As a dog groomer, your time and energy is spent ensuring the overall health and happiness of your furry clients. This is why a full inspection of the dog prior to grooming is essential! This evaluation will determine if there are any existing skin conditions, potential eye or ear infections, dental issues, or changes in temperament ahead of the grooming session. Armed with the knowledge obtained through the assessment, you can use your expertise to move forward with the grooming session or recommend a visit to the vet instead.
As each animal is different, it is so important to spend a few minutes before any grooming session assessing the dog, running your hands over its fur and using your trained eye to note any issues.
Find out the top 4 things to look out for before grooming a dog to give him the best experience, and to protect yourself as a dog groomer!
Some dog breeds are more prone to skin conditions than others, but there are some common dog skin problems to look for before you begin to groom any dog:
- Scabies: Found on ears, elbows, and the belly, scabies is caused by mites that burrow under the dog’s skin. Scabies can be soothed by a natural conditioner.
- Flea allergy: Just like humans, dogs can suffer from allergies as well! Some dogs have a sensitivity to fleas, and this shows up on the back of the legs and above the tail. Flea allergies can cause skin scratching, resulting in dog hot spots. As a groomer, you can treat hot spots and eliminate scratching with specific products.
- Skin infection: Infections will show themselves as scabs, thinning hair, blisters, and flakes, and can be indicative of a potential disease. Be sure to inform your client if you notice a skin infection in your pre-grooming assessment, as they will need to consult a veterinarian.
- Open sores: As dogs can be active and spend a great deal of time outdoors, foreign matter can pierce the pads of their feet, which will create infected sores.
When examining a dog before your groom, these conditions should be treated seriously with veterinary attention in some instances. Prior to grooming, let the owner know what your standard grooming practices are, and that additional costs could be required in the case of certain skin conditions. Be careful not to make the mistake of grooming a dog with an existing skin condition, as you could aggravate them!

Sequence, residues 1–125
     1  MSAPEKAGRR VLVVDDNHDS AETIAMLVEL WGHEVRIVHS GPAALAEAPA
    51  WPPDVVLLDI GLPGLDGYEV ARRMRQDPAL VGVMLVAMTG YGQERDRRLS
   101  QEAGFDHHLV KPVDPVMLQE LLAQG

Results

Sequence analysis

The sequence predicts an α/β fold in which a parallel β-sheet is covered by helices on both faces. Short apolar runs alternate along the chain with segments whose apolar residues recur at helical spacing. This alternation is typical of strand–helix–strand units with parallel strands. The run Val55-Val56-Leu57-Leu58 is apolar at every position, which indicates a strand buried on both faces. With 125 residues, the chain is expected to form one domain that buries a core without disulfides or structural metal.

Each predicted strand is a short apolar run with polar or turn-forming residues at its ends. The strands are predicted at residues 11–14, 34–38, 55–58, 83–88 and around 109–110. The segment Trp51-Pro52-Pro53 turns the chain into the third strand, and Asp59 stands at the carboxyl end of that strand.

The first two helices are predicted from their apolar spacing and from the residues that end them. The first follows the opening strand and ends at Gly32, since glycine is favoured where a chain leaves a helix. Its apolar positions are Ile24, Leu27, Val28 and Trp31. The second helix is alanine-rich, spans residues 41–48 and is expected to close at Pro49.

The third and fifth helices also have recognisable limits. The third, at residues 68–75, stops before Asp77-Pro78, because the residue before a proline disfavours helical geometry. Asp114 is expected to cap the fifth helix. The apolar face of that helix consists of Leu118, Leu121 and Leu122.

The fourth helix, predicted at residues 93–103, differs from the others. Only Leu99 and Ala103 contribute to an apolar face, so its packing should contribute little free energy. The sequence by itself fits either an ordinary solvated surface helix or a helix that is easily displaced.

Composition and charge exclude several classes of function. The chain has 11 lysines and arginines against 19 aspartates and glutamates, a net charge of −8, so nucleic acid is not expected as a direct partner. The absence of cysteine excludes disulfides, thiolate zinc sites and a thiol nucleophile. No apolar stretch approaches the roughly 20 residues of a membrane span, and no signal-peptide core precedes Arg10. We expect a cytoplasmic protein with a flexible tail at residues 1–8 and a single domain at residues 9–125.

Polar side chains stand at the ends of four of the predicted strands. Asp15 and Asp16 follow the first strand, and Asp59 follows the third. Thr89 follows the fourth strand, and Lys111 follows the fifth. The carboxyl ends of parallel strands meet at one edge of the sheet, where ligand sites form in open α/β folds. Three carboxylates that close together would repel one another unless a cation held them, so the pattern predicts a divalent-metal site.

Changes in temperament
Grooming a dog, specifically brushing and bathing, takes a lot of energy. As a dog groomer, you are a patient and calm person by nature, but it is absolutely critical to maintain a sense of calm as you prepare a dog to be groomed.
To ensure that the grooming process goes smoothly, a dog must be focused and calm. If the dog becomes agitated or excited, grooming can be difficult and potentially dangerous since injury is more likely to occur. Assessing the dog before beginning your grooming process allows you to evaluate whether the dog is ready to be groomed. You can also take note of any changes in temperament ahead of time.
Pro tip: It’s always a good idea to have a pet first aid kit on hand just in case an injury does occur.
Eyes & Ears
Plucking hair from dogs’ ears is a common grooming practice, but it may not be appropriate if there is a potential infection present. Be sure to examine a dog’s ears as part of the inspection to rule out any abnormalities. If there is an accumulation of dead skin or hair inside the ear, or any swelling and discharge, recommend a proper examination by a vet. As a dog groomer, never take it upon yourself to diagnose or try to treat an ear infection. You also need to refrain from plucking any hair from an ear that appears to be affected.
When it comes to eye care, certain breeds are more prone to issues than others. As a groomer, a full inspection of a dog includes the eye area, specifically looking for any discharge, irritation, redness, swelling, or significant blinking. All of these symptoms can indicate potential eye problems, which will need a veterinarian’s care right away.
Use your training expertise to judge the situation and decide whether or not to continue with the groom. If you proceed, be sure to keep the eyes clear of debris and hair after trimming, clean any discharge away with a cotton ball, and explain the process to your client as you go along. They can relay this information to their vet during their next visit.
Keeping the lines of communication open with your client is essential when it comes to caring for their dog’s eyes and ears. Be sure to educate them as you assess the situation, and explain your recommendations for treatment.
Oral care is extremely important when it comes to a dog’s overall health, and a groomer’s trained eye can catch potential dental diseases and infections prior to grooming.
Your grooming services can include oral care maintenance, but recommend that owners allow a vet to clean the teeth and gums thoroughly. During your pre-grooming inspection, lift the dog’s mouth flaps to look at the gums and check for redness and swelling, which can indicate an infection. If the dog has a dental condition, grooming is not a good idea and you should recommend that clients visit their veterinarian.
In the case of a mouth that appears healthy and free of any infection or abscesses, use a dental spray and gel to help break down plaque and tartar. Attempting to brush a dog’s teeth that are in any way affected could potentially lead to harm or liability.
Whether you’re already enrolled in dog grooming school online or just considering it, these scheduling tips are sure to help!
Thinking about becoming a professional dog groomer? There’s no better way to get started than with a certification course! Here’s a sneak peek of the QC Dog Grooming Course. Learning to groom a poodle is one of the many different skills you’ll learn!
Read on for an exclusive insight into a day in the life of professional dog groomer Lisa Day!